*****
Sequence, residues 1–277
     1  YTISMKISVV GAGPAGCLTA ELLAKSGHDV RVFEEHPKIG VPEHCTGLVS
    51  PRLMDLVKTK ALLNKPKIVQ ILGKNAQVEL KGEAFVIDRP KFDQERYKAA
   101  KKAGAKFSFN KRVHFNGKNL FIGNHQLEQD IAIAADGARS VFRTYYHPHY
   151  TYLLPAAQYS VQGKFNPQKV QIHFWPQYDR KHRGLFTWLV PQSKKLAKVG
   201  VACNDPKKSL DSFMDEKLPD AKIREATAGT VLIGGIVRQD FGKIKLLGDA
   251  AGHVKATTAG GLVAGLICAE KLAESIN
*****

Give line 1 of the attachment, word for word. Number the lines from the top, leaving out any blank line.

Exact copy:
Sequence, residues 1–277